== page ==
Varying dimensions from 6 3/8 x 5 in. (16.2 x 12.7 cm) to 9 x 32 3/8 in. (22.9 x 82.2 cm)
From the Catalogue:
This album is a rare example of Felice Beato’s early work in Japan, where he opened a studio in 1863 with the English artist and journalist Charles Wirgman. The studio and its contents were destroyed by fire in 1866, at which point Beato dissolved the partnership with Wirgman. The early date of the documented photographs in the album, as well as the presence of two photographs after drawings by Wirgman, indicate that this album was compiled no later than 1866. The album is distinguished by the quality and preservation of its hand-coloring, by the first-rate selection of portraits, genre studies, landscapes, and city views, and by the generally strong print quality.
The Italian-born Beato set up his studio in Yokohama, one of the few areas of the country in which Westerners were allowed. At the time, Japan was reluctantly yielding to pressure from America and Europe to allow trade. The country was divided about opening its doors, and hostilities to outsiders lurked just below the surface of everyday life. Violence against Westerners was not unknown. Despite these pressures and restrictions upon travel, Beato created a remarkable body of work in Japan, and his photographs capture the last period of Japanese feudal culture that had endured for centuries but was quickly disappearing. This state of affairs is embodied by one of Beato’s panoramas in the present album that shows the British naval fleet anchored just off the coast of Yokohama. This panorama was reproduced as an engraving in the London Illustrated News in October 1864 (Felice Beato: A Photographer on the Eastern Road, p. 21).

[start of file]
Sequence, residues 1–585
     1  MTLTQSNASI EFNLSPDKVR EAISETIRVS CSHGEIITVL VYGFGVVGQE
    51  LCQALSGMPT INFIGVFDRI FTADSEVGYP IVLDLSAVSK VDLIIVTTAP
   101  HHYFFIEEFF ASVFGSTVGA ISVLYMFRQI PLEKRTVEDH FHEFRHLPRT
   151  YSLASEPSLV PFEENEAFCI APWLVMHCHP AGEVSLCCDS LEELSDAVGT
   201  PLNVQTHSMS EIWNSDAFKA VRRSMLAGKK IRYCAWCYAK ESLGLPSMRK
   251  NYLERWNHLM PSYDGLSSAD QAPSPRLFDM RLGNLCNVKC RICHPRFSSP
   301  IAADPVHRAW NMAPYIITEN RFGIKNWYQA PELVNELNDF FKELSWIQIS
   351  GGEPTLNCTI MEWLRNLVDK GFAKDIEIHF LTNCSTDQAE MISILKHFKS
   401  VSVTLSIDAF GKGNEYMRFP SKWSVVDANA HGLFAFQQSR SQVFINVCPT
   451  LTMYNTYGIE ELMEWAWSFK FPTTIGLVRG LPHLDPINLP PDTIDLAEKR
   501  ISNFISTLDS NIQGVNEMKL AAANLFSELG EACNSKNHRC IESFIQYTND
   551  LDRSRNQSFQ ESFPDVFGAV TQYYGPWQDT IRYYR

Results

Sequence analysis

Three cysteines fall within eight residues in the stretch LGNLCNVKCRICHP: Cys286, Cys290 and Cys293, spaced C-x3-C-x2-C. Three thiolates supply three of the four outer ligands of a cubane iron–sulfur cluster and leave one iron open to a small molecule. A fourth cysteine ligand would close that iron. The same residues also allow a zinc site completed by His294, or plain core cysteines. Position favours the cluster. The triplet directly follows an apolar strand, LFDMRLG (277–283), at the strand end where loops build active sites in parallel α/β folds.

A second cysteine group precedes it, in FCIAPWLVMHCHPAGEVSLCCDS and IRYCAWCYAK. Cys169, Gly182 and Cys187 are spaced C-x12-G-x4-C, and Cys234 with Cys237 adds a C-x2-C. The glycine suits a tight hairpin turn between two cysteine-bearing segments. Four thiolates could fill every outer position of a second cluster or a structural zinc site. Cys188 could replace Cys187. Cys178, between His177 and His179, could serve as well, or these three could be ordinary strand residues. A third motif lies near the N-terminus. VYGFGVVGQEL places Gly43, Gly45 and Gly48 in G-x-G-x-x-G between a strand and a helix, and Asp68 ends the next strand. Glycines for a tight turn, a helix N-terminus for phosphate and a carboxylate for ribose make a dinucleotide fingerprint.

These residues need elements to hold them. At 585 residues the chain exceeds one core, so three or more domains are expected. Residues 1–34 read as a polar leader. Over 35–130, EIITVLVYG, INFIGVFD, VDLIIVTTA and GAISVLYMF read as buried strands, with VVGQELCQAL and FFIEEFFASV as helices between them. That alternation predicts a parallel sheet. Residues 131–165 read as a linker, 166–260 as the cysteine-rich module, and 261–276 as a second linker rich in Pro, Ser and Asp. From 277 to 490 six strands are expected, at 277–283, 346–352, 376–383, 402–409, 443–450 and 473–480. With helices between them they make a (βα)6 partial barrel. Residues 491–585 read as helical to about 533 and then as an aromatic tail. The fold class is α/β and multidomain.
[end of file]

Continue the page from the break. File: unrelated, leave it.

Beato set the template for the photographic profession in Japan. He was the first photographer in Japan to package and sell his pictures in albums, and the first to make panoramic views. He employed local artists to hand-color his photographs using water-based pigments, as opposed to oils, which yielded images of subtly-modulated coloration. Beato’s innovations became conventions that were increasingly imitated by other photographers in the following decades. Few of these later iterations of Beato’s approach possess the skill or immediacy of the photographs contained in this album.
—Courtesy of Phillips
Lacoste, Felice Beato: A Photographer on the Eastern Road, fig. 9, pl. 49
Christie's, London, 3 May 1995, lot 117